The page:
Purchase this article with an account.
Courtney R. Giordano, Robin Roberts, Kendra A. Krentz, David Bissig, Deepa Talreja, Ashok Kumar, Stanley R. Terlecky, Bruce A. Berkowitz; Catalase Therapy Corrects Oxidative Stress-Induced Pathophysiology in Incipient Diabetic Retinopathy. Invest. Ophthalmol. Vis. Sci. 2015;56(5):3095-3102. doi: https://doi.org/10.1167/iovs.14-16194.
Download citation file:
© ARVO (1962-2015); The Authors (2016-present)
Preclinical studies have highlighted retinal oxidative stress in the pathogenesis of diabetic retinopathy. We evaluated whether a treatment designed to enhance cellular catalase reduces oxidative stress in retinal cells cultured in high glucose and in diabetic mice corrects an imaging biomarker responsive to antioxidant therapy (manganese-enhanced magnetic resonance imaging [MEMRI]).
Human retinal Müller and pigment epithelial cells were chronically exposed to normal or high glucose levels and treated with a cell-penetrating derivative of the peroxisomal enzyme catalase (called CAT-SKL). Hydrogen peroxide (H2O2) levels were measured using a quantitative fluorescence-based assay. For in vivo studies, streptozotocin (STZ)-induced diabetic C57Bl/6 mice were treated subcutaneously once a week for 3 to 4 months with CAT-SKL; untreated age-matched nondiabetic controls and untreated diabetic mice also were studied. MEMRI was used to analytically assess the efficacy of CAT-SKL treatment on diabetes-evoked oxidative stress-related pathophysiology in vivo. Similar analyses were performed with difluoromethylornithine (DFMO), an irreversible inhibitor of ornithine decarboxylase.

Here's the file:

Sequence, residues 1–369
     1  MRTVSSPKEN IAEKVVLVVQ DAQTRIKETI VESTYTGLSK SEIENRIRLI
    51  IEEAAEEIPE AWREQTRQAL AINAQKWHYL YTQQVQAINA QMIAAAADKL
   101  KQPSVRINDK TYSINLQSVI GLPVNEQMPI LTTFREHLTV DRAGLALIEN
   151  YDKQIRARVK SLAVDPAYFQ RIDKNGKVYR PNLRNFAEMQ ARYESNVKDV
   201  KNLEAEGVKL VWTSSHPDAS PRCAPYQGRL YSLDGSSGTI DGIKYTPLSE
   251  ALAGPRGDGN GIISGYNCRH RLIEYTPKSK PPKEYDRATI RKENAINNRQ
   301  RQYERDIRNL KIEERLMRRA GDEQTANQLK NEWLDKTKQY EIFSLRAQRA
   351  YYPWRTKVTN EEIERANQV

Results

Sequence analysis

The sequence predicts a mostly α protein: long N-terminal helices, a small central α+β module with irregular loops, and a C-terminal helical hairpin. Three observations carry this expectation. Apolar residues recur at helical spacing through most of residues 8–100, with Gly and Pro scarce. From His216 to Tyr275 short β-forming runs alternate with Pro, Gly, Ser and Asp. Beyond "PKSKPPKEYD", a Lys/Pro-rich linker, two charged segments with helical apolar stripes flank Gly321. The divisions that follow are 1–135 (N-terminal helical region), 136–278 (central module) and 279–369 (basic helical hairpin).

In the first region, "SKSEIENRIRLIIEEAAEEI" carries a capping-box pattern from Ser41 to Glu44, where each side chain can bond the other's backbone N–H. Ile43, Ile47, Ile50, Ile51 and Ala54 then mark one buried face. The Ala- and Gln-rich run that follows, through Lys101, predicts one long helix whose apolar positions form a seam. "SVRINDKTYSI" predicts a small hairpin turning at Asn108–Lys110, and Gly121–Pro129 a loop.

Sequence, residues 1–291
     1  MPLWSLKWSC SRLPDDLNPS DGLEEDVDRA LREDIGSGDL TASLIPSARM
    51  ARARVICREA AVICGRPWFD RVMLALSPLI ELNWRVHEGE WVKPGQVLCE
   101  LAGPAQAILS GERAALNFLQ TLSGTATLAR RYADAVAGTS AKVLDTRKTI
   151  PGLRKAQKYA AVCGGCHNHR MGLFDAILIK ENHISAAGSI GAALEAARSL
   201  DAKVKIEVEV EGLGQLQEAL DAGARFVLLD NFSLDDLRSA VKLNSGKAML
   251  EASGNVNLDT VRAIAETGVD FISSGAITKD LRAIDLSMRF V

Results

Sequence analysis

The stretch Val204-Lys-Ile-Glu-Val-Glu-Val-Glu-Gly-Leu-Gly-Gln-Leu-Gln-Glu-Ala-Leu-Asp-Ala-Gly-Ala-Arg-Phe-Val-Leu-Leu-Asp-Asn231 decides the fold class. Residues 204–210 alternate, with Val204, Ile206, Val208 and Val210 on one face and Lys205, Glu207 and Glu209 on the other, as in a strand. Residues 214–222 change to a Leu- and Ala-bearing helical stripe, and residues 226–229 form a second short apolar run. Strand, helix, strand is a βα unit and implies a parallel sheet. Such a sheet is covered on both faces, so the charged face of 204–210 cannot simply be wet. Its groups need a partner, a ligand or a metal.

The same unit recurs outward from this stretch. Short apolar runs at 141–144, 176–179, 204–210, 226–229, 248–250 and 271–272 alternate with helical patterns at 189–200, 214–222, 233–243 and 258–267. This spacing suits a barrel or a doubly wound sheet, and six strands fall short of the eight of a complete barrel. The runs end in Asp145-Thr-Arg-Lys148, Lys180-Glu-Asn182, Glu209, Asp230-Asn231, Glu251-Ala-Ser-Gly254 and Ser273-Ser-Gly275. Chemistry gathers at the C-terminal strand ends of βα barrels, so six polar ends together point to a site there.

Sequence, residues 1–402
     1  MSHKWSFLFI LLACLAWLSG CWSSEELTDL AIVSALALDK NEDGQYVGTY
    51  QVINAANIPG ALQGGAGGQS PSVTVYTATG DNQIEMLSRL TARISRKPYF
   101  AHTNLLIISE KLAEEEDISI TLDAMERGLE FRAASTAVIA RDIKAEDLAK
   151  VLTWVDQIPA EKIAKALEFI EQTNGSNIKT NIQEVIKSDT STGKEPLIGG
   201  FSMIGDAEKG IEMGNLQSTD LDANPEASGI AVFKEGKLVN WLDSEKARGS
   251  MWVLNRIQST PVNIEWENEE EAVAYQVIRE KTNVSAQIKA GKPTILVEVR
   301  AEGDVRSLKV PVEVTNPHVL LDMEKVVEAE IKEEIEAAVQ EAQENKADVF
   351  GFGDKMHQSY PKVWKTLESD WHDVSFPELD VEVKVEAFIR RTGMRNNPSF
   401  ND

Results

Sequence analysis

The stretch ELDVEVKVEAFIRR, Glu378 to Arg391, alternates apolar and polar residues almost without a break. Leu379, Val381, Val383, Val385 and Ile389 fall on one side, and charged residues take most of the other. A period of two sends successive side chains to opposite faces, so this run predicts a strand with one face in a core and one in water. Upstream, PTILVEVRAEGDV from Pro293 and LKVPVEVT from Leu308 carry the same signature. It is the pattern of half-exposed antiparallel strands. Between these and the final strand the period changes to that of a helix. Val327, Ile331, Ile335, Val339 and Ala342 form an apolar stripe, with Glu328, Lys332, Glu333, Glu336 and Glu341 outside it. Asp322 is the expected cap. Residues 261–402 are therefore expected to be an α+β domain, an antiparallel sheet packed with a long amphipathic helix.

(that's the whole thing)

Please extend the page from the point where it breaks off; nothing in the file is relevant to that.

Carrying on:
After catalase transduction, high glucose-induced peroxide production was significantly lowered in both human retinal cell lines. In diabetic mice in vivo, subnormal intraretinal uptake of manganese was significantly improved by catalase supplementation. In addition, in the peroxisome-rich liver of treated mice catalase enzyme activity increased and oxidative damage (as measured by lipid peroxidation) declined. On the other hand, DFMO was largely without effect in these in vitro or in vivo assays.
This proof-of-concept study raises the possibility that augmentation of catalase is a therapy for treating the retinal oxidative stress associated with diabetic retinopathy.
This PDF is available to Subscribers Only